Maryland, Virginia, Shorten Crab Season Amid Population Decline
In response to a new report from Bay scientists that shows a decline in the overall blue crab population, the Maryland Department of Natural Resources and the Virginia Marine Resources Commission will both shorten this year's crab season.
Maryland DNR announced Tuesday that the adult female blue crab season will end November 20, 2017, and that bushel limits will be reduced compared to last year.
Read Maryland DNR's public notice here.
VMRC will end crab season November 30, and won't reopen until March 17, 2018. That equates to 16 fewer crabbing days. The commission will also reduce bushel limits for the entire month of November.
The annual Blue Crab Advisory Report, released by the Chesapeake Bay Program, confirms that the 2017 estimated population of adult female blue crabs was higher than the target. But the population of crabs as a whole has declined.
The report includes expert analyses of data from the annual Bay-wide Winter Dredge Survey, released earlier this year, as well as harvest estimates from recent years.
The report indicates that while numbers of adult female crabs in the Bay increased by 30 percent in 2017, the overall crab population decreased by almost 18 percent from 553 million in 2016 to 455 million in 2017. Notably, the number of juvenile crabs decreased by 54 percent from 2016 to 2017.
“The highly variable nature of blue crabs was on full display this past year,” said Glenn Davis, chair of the Chesapeake Bay Stock Assessment Committee and Maryland Department of Natural Resources. “The largest abundance of spawning females from the Winter Dredge Survey time series was great news, and demonstrated what can happen when jurisdictions adhere to science-based management. The low recruitment served as a reminder that large inter-annual fluctuations can be part of the norm and that managing blue crabs is a continuous challenge.”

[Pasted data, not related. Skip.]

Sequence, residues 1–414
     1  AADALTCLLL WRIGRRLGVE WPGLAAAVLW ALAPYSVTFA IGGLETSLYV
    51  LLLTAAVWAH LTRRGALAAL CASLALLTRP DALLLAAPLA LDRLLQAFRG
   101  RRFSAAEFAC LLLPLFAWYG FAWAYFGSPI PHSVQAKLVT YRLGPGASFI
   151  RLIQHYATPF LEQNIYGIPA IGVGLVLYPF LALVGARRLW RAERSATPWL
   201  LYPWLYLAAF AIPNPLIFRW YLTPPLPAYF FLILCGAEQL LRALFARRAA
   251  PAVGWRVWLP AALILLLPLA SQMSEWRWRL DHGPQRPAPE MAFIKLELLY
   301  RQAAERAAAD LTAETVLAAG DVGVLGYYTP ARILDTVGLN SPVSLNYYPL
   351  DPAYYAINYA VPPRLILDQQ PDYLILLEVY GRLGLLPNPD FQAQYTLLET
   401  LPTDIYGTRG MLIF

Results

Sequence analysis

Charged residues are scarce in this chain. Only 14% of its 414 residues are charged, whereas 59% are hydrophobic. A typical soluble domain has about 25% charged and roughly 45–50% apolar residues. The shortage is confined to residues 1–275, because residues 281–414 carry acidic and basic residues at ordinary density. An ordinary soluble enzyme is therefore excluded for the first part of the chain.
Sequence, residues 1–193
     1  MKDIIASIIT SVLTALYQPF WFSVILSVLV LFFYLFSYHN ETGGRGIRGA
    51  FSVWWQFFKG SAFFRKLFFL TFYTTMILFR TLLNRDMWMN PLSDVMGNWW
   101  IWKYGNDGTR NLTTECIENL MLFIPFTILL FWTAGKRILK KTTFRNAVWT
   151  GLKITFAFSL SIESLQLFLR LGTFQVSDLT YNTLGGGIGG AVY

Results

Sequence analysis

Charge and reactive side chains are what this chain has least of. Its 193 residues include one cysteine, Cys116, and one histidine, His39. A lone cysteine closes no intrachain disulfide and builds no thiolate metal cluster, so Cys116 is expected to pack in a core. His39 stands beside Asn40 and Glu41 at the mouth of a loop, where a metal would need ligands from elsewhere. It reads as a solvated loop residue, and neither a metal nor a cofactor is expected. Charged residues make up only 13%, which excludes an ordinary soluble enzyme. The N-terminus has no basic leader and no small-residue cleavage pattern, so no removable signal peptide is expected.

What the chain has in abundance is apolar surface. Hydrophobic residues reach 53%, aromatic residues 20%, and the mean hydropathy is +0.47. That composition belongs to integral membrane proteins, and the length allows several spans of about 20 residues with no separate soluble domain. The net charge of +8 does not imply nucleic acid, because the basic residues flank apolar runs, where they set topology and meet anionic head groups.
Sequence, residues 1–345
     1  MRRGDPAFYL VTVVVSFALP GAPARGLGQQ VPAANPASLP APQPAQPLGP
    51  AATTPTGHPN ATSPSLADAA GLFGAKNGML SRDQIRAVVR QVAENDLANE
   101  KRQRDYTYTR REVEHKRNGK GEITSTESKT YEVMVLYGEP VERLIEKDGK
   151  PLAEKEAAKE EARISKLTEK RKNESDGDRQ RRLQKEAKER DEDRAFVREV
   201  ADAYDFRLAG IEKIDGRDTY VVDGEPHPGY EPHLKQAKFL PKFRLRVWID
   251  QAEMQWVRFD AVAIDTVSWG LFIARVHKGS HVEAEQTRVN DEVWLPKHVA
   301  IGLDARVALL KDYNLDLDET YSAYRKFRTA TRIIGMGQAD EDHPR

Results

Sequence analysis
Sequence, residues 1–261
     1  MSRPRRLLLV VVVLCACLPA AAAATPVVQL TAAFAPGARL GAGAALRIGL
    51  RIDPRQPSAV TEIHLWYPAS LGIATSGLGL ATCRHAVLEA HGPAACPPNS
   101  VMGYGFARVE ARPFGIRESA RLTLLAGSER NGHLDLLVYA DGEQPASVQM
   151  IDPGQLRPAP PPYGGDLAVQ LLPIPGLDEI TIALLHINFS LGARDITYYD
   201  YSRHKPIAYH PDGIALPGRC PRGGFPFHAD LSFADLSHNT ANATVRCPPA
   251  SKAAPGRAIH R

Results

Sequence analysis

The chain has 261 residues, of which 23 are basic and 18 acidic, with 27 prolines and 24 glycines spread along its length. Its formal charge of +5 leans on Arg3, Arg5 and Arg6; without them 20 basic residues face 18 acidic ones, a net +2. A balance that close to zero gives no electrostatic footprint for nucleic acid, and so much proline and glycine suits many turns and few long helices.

During the 2016 crabbing season, approximately 60 million pounds of blue crabs were harvested from the Bay and its tributaries by commercial fishermen—roughly 20 percent more than in 2015. Recreational crabbers harvested just over four million pounds. The report finds the Chesapeake Bay blue crab stock is currently not depleted and overfishing is not occurring.
For the remainder of 2017, the report does recommend that Bay jurisdictions should scale back the fall fishery from last year's looser regulations, to protect more juvenile crabs. Those young crabs could then grow old enough to spawn next year, and in turn, produce more crabs.